Published Mar 06, 2020Hitting up Victoria at the tail end of a mini Canadian tour in support of her third solo album, Vancouver's Frazey Ford brought a ray of sunshine on an otherwise cloudy day. Her new album, U kin B the Sun, is her first for Arts & Crafts, and first since 2014's Indian Ocean; it's an album of resistance and affirmations, an oasis of hope in our cultural desert.
Playing in support of her own third album, 2019's Benevolence, Alexandria Maillot did her best to engage the crowd as the opener, but they failed to give her the attention she rightfully deserved. Granted, she and her three-piece band didn't have the most electric stage presence, all spread out and mostly in their own heads, but their dynamic skill was on display, nailing changes and atmospheres, while Maillot's self-conscious banter was on point.
Originally from Courtenay, Maillot lived in Victoria for a while, made the obligatory career move to Vancouver, and was then subsequently burned out and gentrified back to Courtenay. While she was off doing her thing, her little hometown had changed. Apparently, it's all trendy distilleries now. Since she's a singer-songwriter, she wrote a bunch of songs about it.
Presumably in that vein, waltz ballad "I Never Liked Your Friends" took on an even more haunting feel live, showcasing the magnificent power of Maillot's beautiful voice with its elegant vibrato, while "The Judge" closed the set on their most rocking track, starting off in liquid ambience before kicking in double-time. Written on a smelly SkyTrain about falling in love on public transit, the so-called fable "Smitten" sounded like a less depressed Angel Olsen if she had a little more Patsy Cline twang. Not much could penetrate the boorish, inattentive crowd, though.
Frazey Ford fared a smidge better with the audience, given that they had filled the Capital Ballroom to capacity on a Thursday ostensibly to see her, but not by much. Before playing "Three Golden Trees," she noted that it was "a quiet one, so be quiet." It was a nice try, but the background commotion continued unabated.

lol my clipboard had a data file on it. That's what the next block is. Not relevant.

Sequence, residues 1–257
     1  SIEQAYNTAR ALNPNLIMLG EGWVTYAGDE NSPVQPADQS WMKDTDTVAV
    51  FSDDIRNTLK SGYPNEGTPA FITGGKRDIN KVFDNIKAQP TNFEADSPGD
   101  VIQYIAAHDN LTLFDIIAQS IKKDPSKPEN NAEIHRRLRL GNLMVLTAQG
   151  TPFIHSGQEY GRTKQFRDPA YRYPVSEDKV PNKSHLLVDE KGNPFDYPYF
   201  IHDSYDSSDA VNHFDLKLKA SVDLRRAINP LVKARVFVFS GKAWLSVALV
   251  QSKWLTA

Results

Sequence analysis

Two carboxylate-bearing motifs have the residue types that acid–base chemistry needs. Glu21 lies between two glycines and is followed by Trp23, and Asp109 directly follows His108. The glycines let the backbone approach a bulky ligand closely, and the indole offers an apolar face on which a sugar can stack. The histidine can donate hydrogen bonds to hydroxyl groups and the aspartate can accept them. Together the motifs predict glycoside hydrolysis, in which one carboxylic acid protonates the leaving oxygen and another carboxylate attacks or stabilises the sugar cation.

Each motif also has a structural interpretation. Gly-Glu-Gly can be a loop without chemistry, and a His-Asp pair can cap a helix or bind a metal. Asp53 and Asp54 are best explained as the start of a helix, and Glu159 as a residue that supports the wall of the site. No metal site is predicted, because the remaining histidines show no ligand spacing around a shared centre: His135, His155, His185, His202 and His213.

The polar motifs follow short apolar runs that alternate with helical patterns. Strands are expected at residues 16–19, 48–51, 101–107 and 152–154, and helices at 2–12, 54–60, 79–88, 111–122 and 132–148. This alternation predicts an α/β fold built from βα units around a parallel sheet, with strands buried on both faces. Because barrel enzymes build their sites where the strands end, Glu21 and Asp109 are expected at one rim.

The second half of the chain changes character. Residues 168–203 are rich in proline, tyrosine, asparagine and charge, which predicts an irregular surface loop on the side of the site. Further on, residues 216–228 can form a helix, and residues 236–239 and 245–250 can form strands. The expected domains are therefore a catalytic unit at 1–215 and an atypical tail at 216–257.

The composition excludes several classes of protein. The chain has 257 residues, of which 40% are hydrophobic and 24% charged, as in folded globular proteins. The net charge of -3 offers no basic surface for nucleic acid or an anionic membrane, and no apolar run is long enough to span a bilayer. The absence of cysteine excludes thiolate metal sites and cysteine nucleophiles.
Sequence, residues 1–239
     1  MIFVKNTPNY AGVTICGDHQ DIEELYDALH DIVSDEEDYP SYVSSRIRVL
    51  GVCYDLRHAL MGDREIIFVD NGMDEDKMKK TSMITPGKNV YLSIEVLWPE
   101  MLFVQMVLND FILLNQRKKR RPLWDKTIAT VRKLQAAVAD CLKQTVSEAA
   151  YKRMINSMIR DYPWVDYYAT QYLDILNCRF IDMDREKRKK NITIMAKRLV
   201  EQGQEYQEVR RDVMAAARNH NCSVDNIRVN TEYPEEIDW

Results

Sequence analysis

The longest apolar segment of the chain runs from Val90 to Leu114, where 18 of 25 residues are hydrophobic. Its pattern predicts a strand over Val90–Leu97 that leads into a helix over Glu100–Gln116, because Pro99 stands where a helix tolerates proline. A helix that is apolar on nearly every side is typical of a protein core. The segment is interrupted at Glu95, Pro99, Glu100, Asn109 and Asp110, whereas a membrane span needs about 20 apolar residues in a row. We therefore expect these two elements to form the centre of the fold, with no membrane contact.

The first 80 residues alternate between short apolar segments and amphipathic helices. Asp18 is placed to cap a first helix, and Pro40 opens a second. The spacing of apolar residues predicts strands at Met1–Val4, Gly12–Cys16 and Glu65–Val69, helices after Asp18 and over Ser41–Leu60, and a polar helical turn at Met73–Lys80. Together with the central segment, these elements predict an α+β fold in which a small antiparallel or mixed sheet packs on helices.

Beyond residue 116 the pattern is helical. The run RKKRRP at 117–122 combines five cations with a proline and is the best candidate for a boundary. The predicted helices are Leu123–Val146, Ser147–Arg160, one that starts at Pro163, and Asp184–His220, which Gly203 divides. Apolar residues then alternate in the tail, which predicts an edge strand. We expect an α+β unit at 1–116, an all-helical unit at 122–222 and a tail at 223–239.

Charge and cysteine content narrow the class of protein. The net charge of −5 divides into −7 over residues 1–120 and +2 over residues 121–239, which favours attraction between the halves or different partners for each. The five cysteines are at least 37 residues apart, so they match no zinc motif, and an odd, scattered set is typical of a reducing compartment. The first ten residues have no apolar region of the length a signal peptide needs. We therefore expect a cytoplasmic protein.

Drunken blabbermouths aside, Ford's set was solid. Playing with bassist Darren Parris, drummer Leon Power, guitarist Craig McCaul and backup singer Caroline Ballhorn, Ford was an original member of the Be Good Tanyas, but her solo career has skewed more to a Southern-flavoured indie pop than the rootsy alt-country for which her old band were known. They played most of U kin B the Sun with studio perfection, while Ballhorn gave the vocals a little more oomph, wonderfully complementing Ford's steadfast vibrato with a straight, sweet voice.
Ford upped the visual ante too, if only because of her amazing Technicolor onesie. It was something else, a bold graphic print head-to-toe with brightly coloured scissors, bunnies, eyeballs, clouds, rainbows and other whimsical flotsam. A few minutes into her set, someone yelled out, "I love your outfit." In response, Ford said, "I love it too. That's why I wore it for you guys."
She did get serious on us a few times, though. Before playing "Money Can't Buy," Ford dedicated the concert to the pipeline protesters who disrupted the BC legislature, noting that civil disobedience is what makes democracy work. She also gave props to the Wet'suwet'en before "The Kids Are Having None of It," subsequently working the phrase "John Horgan, you fucking hypocrite" into the lyrics.
An up-tempo, soulful song of survival, "Azad" provided one of the most significant spikes in energy, but generally, the set had a fairly laidback vibe. This casualness was underscored by humorous moments like when she said "Done" was for sequins and other shiny things, and claimed "Golden" was a form of pagan disco, while the polished consistency of her band's performance was comforting. Ford had fun, and invited us along with her. It was shameful that so much of the crowd missed the boarding call.